The financial success of any lodging facility is dependent, in large measure, on the quality and skill of its on-site management. In the time period before the mid-1950s, the owners of a hotel hired the best G.M. they could find to operate the hotel(s) they owned. If they needed a manager with a specific level of skill or experience, they would try to find one. Even talented G.M.s, however, may not have had experience in specific tasks that owners needed to be undertaken. When that was the ease, the result was often less than satisfactory for both the owner and the hotel's G.M.
     
    In the 1950s and later, as more hotels became franchised and as hotel owner groups purchased ever larger numbers of hotels, these owner's inability to actively recruit, train, and supervise the many G.M.s they required to manage their properties resulted in the growth of companies that were formed simply to manage hotels under ordinary as well as out-of-the ordinary circumstances. Today, with the advent of large (and small) management companies, owners often find that, because a hotel management company employs many managers, one or more of those managers has the exact experience that the owner is looking for. In many cases, owners face special circumstances in the operation of the hotels they own. Some of these special situations include:
      FIGURE 12.3 Ten Largest Management Companies
      (images P425)
     
    • Reflagging a hotel from a lower quality brand to a higher one
     
    • Reflagging a hotel from a higher quality brand to a lower one
     
    • Managing/directing a major (complete) renovation of a hotel
     
    • Operating a hotel in a severely depressed market
     
    • Bankruptcy/repossession of the hotel
     
    • Managing a hotel that is slated for permanent closing
     
    • Managing a hotel as a result of the unexpected resignation of the hotel's G.M.
     
    • Managing a hotel for an extended period of time for owners who elect not to become directly involved in the day-to-day operation of the property
     
    HOTEL TERMINOLOGY AT WORK
     
    Depressed Market: The term used to describe a hotel market area where occupancy rates and/or ADRs are far below their historic levels. Used, for example, in, "The permanent closing of the military base in that town resulted in depressed market conditions in the entire county."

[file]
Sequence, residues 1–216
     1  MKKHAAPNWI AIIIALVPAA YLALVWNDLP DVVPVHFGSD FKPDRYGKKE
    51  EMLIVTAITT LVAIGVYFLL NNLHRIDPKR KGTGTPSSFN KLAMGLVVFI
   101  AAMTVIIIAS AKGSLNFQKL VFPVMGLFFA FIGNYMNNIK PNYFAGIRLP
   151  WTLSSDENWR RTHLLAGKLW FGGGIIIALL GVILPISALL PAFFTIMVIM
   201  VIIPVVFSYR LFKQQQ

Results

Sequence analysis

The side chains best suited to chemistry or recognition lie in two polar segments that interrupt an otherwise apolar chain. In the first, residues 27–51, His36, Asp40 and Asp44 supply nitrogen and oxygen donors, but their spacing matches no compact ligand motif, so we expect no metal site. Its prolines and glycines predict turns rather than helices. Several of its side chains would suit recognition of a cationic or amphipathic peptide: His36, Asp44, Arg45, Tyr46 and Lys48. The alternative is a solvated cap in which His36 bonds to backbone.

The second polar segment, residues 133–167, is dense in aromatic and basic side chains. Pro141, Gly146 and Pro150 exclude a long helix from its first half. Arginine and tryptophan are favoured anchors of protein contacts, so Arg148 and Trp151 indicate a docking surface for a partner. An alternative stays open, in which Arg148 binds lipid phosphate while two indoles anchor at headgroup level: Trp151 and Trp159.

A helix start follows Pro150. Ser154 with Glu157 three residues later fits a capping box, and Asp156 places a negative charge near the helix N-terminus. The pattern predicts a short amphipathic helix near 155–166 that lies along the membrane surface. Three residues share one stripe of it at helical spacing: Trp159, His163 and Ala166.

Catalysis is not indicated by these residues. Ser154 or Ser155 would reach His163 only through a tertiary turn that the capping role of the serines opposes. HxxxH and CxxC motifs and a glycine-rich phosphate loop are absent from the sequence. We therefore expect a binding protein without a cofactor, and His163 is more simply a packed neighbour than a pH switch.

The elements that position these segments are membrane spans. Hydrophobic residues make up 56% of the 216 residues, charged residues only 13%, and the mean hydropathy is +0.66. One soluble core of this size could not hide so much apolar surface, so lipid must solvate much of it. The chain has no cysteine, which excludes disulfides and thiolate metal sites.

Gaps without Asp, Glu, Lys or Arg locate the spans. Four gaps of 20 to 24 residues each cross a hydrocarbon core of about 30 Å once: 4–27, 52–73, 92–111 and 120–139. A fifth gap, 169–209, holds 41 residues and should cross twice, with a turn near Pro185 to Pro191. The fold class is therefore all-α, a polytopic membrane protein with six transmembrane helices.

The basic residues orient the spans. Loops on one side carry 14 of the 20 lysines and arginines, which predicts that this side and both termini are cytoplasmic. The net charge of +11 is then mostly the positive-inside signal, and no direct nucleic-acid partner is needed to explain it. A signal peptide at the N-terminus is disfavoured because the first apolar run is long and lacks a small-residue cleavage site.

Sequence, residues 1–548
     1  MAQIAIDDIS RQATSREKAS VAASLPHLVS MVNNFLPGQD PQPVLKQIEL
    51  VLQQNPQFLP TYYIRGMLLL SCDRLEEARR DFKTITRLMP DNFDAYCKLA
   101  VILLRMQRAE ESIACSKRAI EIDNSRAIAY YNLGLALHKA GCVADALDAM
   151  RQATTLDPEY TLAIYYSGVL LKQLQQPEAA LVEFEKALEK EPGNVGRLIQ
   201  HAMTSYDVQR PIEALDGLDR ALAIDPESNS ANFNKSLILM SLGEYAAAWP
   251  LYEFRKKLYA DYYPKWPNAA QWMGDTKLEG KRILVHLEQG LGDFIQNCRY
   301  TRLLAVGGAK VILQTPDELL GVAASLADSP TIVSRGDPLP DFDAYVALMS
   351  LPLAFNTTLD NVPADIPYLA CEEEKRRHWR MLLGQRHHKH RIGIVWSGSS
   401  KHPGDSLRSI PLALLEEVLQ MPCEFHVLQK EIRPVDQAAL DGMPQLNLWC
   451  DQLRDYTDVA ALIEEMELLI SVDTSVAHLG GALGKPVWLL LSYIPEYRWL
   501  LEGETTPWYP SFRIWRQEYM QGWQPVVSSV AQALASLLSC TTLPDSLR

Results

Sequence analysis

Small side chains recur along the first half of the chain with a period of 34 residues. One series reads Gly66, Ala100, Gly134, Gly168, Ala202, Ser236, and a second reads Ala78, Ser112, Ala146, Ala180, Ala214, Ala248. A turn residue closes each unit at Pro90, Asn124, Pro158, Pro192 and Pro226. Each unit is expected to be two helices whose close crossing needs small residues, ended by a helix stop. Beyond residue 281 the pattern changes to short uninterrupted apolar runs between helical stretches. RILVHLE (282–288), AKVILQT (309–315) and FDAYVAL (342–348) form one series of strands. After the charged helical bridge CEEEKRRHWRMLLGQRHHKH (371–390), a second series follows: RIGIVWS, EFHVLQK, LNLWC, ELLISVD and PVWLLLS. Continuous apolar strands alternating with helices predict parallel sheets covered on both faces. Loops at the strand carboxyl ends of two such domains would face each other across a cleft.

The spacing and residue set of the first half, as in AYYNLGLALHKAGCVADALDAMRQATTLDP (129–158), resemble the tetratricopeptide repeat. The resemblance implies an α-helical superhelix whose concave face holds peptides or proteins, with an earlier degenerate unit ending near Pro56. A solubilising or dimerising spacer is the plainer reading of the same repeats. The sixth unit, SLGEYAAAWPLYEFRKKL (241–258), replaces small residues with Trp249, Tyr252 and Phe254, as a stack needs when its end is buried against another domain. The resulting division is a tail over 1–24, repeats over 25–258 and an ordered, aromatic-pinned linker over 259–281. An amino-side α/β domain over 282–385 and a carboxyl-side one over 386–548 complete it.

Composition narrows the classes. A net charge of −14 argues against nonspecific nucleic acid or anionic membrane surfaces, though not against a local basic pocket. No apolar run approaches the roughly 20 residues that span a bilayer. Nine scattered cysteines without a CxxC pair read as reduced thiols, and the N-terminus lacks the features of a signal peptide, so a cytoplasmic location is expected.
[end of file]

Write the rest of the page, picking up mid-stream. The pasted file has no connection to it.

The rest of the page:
As a G.M., it is important for you to fully understand the relationship that exists when a hotel owner signs a management contract with a hotel management company. One way to understand the relationship better is to contrast the restaurant business with the hotel business. In the restaurant business, the owner of a restaurant who elects not to operate it, but wishes to continue ownership, will often lease the space to another restaurateur. In that situation, the person(s) owning the new business entity that leases the restaurant pays the restaurant's owner an agreed-upon amount and assumes responsibility for all the expenses associated with operating the business. If the restaurant makes money, the benefit goes to the person(s) who leased the space. If the restaurant loses money, the same person(s) are responsible for the loss.
     
    Unlike the restaurant business, in most cases hotel owners find they cannot lease their properties to management companies. Rather it is the management company that receives a predetermined monthly fee from the hotel's owners in exchange for operating the property, and it is the owners who assume a passive position regarding operating decisions, while at the same time assuming responsibility for all working capital, operating expenses, and debt service. The fees charged by management companies to operate a hotel vary, but commonly range between 1 and 5 percent of the hotel's monthly revenue. Thus, regardless of the hotel's operating performance, the management company is paid the fee for its services and the hotel's owners receive the profits (If any) after all expenses are paid.
     
    In some cases, hotel owners do negotiate contracts that tie, at least to some degree, management company compensation to the hotel's actual operating performance. In some cases, this is acceptable, especially with hotels that are proven profitable. In other cases, however, it can take months or even years to turn an unprofitable hotel into a profitable one. Often, it is the owners of unprofitable or distressed market hotels that seek the assistance of management companies. Understandably, however, few hotel management companies are willing to enter into risky management contracts that may result in them financially subsidizing investors who own a hotel that either has been poorly managed in the past or that is not likely to be a profitable hotel in its current condition.